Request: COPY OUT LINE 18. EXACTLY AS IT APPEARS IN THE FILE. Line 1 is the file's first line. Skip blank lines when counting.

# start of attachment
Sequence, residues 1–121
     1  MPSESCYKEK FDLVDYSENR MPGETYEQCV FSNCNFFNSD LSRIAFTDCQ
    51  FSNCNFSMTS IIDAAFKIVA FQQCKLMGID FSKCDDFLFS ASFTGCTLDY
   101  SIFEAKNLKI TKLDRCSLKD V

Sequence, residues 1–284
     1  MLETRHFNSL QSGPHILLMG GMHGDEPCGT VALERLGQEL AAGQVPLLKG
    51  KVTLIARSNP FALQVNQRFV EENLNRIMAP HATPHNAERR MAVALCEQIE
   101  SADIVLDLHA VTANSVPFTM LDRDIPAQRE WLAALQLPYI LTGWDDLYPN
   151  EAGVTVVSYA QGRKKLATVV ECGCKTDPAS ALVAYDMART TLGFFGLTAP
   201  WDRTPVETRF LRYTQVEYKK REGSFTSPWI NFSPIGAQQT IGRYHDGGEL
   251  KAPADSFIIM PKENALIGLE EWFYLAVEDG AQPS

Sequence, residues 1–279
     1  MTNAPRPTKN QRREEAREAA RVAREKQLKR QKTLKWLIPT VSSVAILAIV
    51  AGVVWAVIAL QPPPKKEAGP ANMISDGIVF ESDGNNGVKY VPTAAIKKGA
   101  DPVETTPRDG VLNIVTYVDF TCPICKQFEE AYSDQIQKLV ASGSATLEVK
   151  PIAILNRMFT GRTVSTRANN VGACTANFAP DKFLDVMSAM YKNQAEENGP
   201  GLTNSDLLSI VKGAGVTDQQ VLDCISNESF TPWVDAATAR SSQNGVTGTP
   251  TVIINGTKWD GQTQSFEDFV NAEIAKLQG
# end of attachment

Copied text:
   251  TVIINGTKWD GQTQSFEDFV NAEIAKLQG